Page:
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A Black hole as topological insulator

  1. Apr 3, 2017 #1
    Hi, is anyone familiar with topological insulator? I read an interesting paper:
    Black hole as topological insulator

    Abstract: Black holes are extraordinary massive objects which can be described
    classically by general relativity, and topological insulators are new phases of
    matter that could be use to built a topological quantum computer. They seem to
    be different objects, but in this paper, we claim that the black hole can be
    considered as a kind of topological insulator. For BTZ black hole in three
    dimensional $AdS_3$ spacetime we give two evidences to support this claim: the
    first evidence comes from the black hole "membrane paradigm", which says that
    the horizon of black hole behaves like an electrical conductor. On the other
    hand, the vacuum can be considered as an insulator. The second evidence comes
    from the fact that the horizon of BTZ black hole can support two chiral
    massless scalar field with opposite chirality. Those are two key properties of
    2D topological insulator. For higher dimensional black hole the first evidence
    is still valid. So we conjecture that the higher dimensional black hole can
    also be considered as higher dimensional topological insulators. This
    conjecture will have far-reaching influences on our understanding of quantum
    black hole and the nature of gravity.

    I am familiar with black hole but not topological insulator. Can anyone explain it to me?
  2. jcsd
  3. Apr 3, 2017 #2


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    You're barking at the wrong tree.

    Topological insulator is a topic in condensed matter physics, and a very active one too. There have been a few threads started in the condensed matter forum on topological insulators. So you may want to browse that forum first, or ask this question there (see if a Mentor will move this thread for you).

  4. Jun 7, 2017 #3
    Wow this sounds interesting! btw, Zapperz, this is the condensed matter forum, right? :D An insulator is simply a material which doesn't conduct electricity. In the system's band structure, the valence and conduction bands are separated by an energy gap which (assuming it is large enough) prevents electrons from jumping between bands. In condensed matter we use the Hamiltonian to describe a system; a few years ago the idea came around to classify these Hamiltonians according to their topology. This is usually done by considering [itex] H = h(k)\tilde{\sigma}[/itex], and using the [itex] h(k)[/itex] (or some other vector, it is somewhat up to the physicist) and finding it's map onto a unit sphere. The number of times this vector wraps around the unit sphere during the momentum shifting from [itex] -\pi\rightarrow\pi[/itex] in the Brillouin zone (band structure) is known as the winding number, or Chern number (similar to a genus in pure mathematics).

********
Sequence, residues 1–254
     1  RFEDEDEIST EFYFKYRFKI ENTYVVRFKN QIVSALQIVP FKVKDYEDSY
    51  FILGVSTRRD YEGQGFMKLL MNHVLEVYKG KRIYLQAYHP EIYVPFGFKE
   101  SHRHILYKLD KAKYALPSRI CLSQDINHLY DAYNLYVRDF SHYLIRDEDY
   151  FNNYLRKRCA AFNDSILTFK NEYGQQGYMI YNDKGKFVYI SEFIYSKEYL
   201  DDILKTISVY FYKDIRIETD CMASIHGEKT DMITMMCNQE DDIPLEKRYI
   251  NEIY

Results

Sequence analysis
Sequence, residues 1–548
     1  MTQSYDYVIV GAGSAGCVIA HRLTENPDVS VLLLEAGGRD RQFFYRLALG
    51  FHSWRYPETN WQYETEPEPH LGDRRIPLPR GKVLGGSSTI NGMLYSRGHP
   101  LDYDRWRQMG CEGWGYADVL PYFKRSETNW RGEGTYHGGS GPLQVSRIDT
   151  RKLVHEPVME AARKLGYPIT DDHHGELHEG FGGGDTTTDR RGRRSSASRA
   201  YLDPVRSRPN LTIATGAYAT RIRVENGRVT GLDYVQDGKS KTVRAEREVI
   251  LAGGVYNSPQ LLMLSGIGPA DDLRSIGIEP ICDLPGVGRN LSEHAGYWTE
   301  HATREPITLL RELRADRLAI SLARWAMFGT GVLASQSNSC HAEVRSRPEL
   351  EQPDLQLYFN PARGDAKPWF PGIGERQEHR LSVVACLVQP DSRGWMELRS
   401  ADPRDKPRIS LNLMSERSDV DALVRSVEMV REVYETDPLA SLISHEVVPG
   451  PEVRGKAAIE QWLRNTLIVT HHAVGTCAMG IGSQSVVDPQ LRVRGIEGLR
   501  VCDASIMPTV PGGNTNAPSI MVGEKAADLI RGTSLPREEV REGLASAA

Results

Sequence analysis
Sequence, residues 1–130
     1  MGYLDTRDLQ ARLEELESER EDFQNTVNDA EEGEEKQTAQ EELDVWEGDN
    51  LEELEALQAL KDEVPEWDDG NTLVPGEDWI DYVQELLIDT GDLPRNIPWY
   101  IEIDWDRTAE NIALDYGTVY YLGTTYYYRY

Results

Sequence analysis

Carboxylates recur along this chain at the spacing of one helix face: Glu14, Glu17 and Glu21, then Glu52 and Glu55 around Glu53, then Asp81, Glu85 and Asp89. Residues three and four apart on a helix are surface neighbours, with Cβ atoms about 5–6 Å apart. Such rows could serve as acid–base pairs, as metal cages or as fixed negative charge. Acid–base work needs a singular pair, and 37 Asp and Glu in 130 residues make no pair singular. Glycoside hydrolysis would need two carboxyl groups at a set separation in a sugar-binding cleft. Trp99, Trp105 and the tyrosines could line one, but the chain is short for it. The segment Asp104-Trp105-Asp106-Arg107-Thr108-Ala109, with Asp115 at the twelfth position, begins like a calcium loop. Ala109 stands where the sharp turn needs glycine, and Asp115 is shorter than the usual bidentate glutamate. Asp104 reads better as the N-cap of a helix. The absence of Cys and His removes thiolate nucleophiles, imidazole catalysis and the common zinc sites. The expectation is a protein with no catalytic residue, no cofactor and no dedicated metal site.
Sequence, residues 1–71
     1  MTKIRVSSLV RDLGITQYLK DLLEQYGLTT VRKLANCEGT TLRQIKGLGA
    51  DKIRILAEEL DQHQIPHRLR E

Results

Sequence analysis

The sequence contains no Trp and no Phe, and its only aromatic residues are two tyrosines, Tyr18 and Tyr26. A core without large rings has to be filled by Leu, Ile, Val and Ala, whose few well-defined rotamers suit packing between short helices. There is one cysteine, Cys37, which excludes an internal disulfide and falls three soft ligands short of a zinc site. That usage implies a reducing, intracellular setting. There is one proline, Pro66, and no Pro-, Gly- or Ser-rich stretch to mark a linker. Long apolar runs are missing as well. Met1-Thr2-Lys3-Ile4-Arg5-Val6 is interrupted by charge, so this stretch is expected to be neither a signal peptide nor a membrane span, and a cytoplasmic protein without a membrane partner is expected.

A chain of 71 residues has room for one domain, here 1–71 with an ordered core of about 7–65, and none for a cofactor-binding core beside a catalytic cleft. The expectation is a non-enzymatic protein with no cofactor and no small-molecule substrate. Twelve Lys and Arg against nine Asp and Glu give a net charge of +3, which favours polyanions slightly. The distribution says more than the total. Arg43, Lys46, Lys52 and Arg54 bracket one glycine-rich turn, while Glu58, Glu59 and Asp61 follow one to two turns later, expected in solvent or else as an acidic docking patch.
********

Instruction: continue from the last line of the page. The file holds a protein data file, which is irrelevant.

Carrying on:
It was discovered that in certain systems, predicting the topology can correspond to protected edge states. So in some insulators which were previously thought to contain no conductance, two edge modes appear (under certain parameters) which are protected (not affected by disorder and giving conductance quantized similar to the quantum hall conductance) and move antiparallel to each other (chiral). A VERY nice review on the topic can be found in Topological Insulators, by Hasan and Kane.

    Regarding the vacuum question, this is addressed directly in the Hasan and Kane review. The idea is that a vacuum is an insulator, with a gap separating the particle and antiparticle states. So if a black hole is a vacuum with chiral edge modes around the perimeter, the author's should be suggesting that this system can be classified topologically; it is an overall insulator but contains currents propagating in antiparallel directions on the edge. Whether these are protected states would interesting to see. Check out that review!
    Last edited: Jun 7, 2017
  5. Jun 7, 2017 #4


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    The thread was moved from where it was originally posted.

  6. Jul 12, 2017 #5
    Here's a nice 2 min video on topological insulators
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